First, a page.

Yoga's Great Awakening

America started to find religion -- the Christian religion, that is -- in 1720. For the next two centuries there was a recurrence of what was called "The Great Awakening" led by evangelical preachers, which spread like wildfire across the limited-though-growing expanse of land known as the United States. Tented cities sprang up; entire municipalities were built for annual retreats. The Second Great Awakening (1800-1870) formed the basis of what today we know as American Christianity, creating the foundation of “Judeo-Christian” values. 

Of course, there are a few things to consider. First off, religions is a better term: there are nearly 34,000 recognized denominations of Christianity worldwide. Secondly, the history of these revivals blows apart the Tea Party myth of a founding religion. Any basic history text reminds us that our European ancestors were running from religion, not to it. It took quite a while for our forebears to “get the spirit.” Ever since Europeans touched down and decided that the people who already lived here would no longer be in charge, we’ve had a tumultuous connection to our spirituality

What’s happening today in yoga is no different. The moment Emerson championed the Bhagavad Gita for the quasi-ascetic Northeastern community, yoga has meant many different things to many different people. (To be fair, this has always been the case in Indian history, blowing apart another long-held myth: that only “one yoga” exists.) In comparison, evangelical preachers might have used the umbrella idea of Christianity as a template, but their philosophies were regional and following tribal. Their take on whatever god they were heralding was the right one, much like yoga teachers today. 

What became known as yoga arose from six schools of thought, the atheistic Samkhya being the most influential on Patanjali. In general, three major forms arose: karma, the yoga of action; jnana, knowledge; and bhakti, devotion, the eventual driving force of Tantra. From the outset there were numerous yogas to be practiced, due to the fact that each individual’s rasas, or flavors, varied. As the Taoists would say, many rivers lead to one ocean. 

Being actively engaged in social media for different components of my career, I’ve noticed a strong uptick in assorted sets of ideals, such as: many rivers lead to my ocean, those other rivers are stagnant, my river runs fastest, come stare at my oceanfront ashram village and even there is one river, mine. Of course they are not expressed quite this way. If you peel back a layer or two, that’s the general sentiment, couched in nuevo-spiritual musings over an infinite something or other. 

This is yoga-as-self-help, unconsciously stealing a playbook from revivalist preachers and most every other spiritual movement that has arisen on American shores. Communities unwilling or uncaring of the totality of the practice are tailoring components of the discipline, similar to the Great Awakening rift that allowed preachers to extract the biblical quotes that most effectively served their personal theology. The god you invent is the god you end up serving.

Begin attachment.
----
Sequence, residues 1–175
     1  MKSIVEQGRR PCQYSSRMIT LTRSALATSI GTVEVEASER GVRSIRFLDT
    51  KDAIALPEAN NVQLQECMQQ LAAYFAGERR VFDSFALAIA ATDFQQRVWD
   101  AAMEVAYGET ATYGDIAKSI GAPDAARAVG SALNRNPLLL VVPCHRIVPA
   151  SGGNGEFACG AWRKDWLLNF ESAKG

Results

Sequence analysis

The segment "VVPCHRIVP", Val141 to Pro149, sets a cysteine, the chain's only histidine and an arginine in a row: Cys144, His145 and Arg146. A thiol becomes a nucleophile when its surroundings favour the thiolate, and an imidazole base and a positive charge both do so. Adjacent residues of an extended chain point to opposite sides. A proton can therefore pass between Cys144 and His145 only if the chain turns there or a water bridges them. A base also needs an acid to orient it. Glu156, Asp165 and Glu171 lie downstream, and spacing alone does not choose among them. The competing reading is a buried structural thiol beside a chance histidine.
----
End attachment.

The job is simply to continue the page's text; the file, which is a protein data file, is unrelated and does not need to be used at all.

This is in no way an argument against such fracturing. It’s natural for humans to compartmentalize, which brings into question the whole notion of “oneness” (the topic of my next MBG column). What has quickly become tiring is this continued insistence that the fragments constitute the whole. Yoga might be broad, but that does not mean it’s “anything,” especially when anything means whatever you want it to that day. This sort of rhetoric is nearly as exhausting as the soap operas that occur when teachers make announcements that they’re leaving this style or that studio, or that they’ve “discovered” a method which builds upon all previous methods but stands atop the yoga mountain. Danger lies in the long stumble downwards. 

We should invite discourse and dialogue among all the components of yoga. We just have to beware of the fundamentalism that emerges when one ingredient is cherished more than others. If our intention is truly what I often see mentioned -- to help transform lives and educate people about yoga’s benefits -- then we need to quell the drama and focus on what’s important: sharing, exploring, learning, and perhaps most importantly, ridding ourselves of this notion that we’ve found the right way.

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About the Author

Derek Beres has devoted his life to exposing people to international music, yoga and mythology as a means of creating better individuals and a more understanding global culture. A multi-faceted author, DJ and yoga instructor, he is the creator of Flow Play, exclusively at Equinox Fitness. He writes a weekly column for Big Think, 21st Century Spirituality, and is one half of global music producers EarthRise SoundSystem. Based in Los Angeles, he is on the teacher training faculty at Yogis Anonymous in Santa Monica and Strala Yoga in New York City. Derek’s yoga classes and music have been featured by the NY Times, LA Times, People, Self, Fitness, Yoga Journal, Boston Globe, Newsday, NBC Weekend Today, ABC Eyewitness News, Fox Business, BBC, NY1, MTV, NPR, and PRI.

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